Federal Reserve Bank chairman Ben Bernanke is touted as an expert on the Great Depression. Many would say we are fortunate to have him heading our central bank at this time when our economy is suffering through its worst crisis since that dreadful epoch 80 years ago. Yet others believe Bernanke is far from an expert on anything economic, given his choice of policies since the current crisis began. One thing is for sure, Bernanke’s study of the Great Depression did not include reading the works of Murray Rothbard, for if he had, he certainly would not be pursuing his current policies as leader of the Fed.
Considering all of Rothbard’s storied career, his most authoritative work on the Great Depression probably was America’s Great Depression. Written in 1949, the text is a solid analysis of those policies and personalities that brought on the financial and economic collapse of America in the 1930s. Rothbard’s work dispels the myths taught in public schools that Hoover was a free marketer and the Great Depression was caused by the shortcomings of capitalism. Informative for understanding what caused the 1929 recession and for what turned it into the Great Depression, today the book stands as a prophetic manuscript for where we are headed economically.
Readers of the book will be appalled to realize that there are significant similarities between the decade preceding the crash of 1929 and the decade preceding our current financial and economic crisis. For one thing, in both time periods the Federal Reserve had well-respected chairmen at the helm: Benjamin Strong and Alan Greenspan. These banking helmsmen were respected because they were both viewed as the great caretakers of America’s economy. Their policies were revered for the economic booms which they produced. When things got choppy, administrations of both decades could count on the financial maestros at the Fed to right the ship back on a course to prosperity.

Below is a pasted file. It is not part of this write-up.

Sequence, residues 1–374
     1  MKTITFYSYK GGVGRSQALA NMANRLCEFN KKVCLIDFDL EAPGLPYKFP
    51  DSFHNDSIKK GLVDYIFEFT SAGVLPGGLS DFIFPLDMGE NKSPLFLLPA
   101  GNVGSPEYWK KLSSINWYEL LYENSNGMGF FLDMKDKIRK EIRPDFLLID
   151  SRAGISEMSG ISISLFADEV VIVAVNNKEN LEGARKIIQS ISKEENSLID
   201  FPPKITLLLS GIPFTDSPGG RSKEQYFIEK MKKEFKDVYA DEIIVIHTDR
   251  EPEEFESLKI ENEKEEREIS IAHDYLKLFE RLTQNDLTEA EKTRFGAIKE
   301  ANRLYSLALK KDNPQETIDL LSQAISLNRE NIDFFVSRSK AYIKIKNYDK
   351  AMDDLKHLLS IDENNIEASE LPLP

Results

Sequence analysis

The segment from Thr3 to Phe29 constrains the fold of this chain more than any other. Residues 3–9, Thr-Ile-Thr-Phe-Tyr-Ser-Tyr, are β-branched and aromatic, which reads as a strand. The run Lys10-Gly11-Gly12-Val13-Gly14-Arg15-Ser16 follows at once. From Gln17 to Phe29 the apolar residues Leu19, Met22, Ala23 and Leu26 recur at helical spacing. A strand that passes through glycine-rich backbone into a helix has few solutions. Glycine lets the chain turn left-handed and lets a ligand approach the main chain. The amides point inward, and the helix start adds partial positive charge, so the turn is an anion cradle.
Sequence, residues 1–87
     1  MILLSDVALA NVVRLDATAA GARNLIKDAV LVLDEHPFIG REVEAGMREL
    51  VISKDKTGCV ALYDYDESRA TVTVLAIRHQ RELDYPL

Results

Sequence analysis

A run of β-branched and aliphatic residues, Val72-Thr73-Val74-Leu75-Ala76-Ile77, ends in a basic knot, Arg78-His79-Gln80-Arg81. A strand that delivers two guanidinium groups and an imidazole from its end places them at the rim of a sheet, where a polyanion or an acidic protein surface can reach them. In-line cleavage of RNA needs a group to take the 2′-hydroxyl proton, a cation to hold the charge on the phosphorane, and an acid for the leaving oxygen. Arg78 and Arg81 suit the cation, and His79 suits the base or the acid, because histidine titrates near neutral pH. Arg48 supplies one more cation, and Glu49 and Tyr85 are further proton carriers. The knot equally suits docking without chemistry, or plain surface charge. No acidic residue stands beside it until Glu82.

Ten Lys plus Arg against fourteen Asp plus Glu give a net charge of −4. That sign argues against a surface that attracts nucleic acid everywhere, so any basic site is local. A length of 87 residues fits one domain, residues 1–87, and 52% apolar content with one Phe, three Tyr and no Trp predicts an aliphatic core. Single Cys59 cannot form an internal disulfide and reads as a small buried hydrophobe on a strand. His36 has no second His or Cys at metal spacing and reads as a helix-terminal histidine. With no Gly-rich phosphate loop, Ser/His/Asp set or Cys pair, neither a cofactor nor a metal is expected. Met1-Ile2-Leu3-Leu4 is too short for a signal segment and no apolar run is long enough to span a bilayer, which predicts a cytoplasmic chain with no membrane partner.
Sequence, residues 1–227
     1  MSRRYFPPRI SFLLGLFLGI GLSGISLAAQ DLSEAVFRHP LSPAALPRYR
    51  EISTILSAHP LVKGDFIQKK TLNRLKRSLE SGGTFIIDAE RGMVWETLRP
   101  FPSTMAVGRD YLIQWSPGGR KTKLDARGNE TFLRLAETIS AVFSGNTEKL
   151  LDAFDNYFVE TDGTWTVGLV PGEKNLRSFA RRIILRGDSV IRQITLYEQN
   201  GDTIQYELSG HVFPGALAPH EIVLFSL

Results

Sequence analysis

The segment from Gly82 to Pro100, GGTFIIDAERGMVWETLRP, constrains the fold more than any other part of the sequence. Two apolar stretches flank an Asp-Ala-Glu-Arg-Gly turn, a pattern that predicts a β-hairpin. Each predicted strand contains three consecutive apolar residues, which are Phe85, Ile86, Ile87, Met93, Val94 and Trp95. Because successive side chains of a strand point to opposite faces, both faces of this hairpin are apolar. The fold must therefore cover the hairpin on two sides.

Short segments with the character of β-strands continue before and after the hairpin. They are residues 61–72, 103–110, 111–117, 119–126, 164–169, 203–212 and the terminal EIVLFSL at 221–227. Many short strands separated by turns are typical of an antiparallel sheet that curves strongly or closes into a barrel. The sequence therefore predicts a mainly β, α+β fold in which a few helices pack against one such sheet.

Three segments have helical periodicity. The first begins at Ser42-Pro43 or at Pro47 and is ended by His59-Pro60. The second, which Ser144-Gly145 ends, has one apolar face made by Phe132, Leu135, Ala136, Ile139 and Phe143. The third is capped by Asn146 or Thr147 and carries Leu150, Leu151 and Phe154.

Of course, both maestros used inflationary policies to achieve their ends. Inflationary used here refers to inflating the money supply. Strong used banker’s acceptances to inflate the money supply and continually put off downturns. He also loaned money to brokerage houses, no less onerous than lending to banks, thereby producing the bubble, the eventual popping of which is regarded as the beginning of the depression. Greenspan, on the other hand, was the master of the low interest rate in keeping the boom going. His lowering of the fed funds rate to practically zero percent for two years after the 2001 recession is regarded as the initial catalyst for the crisis we now face. He also monetized over $6 trillion worth of federal debt to keep the “prosperity” rolling. In all circumstances, both Strong and Greenspan pulled off the illusion that prosperity through inflation has no costs.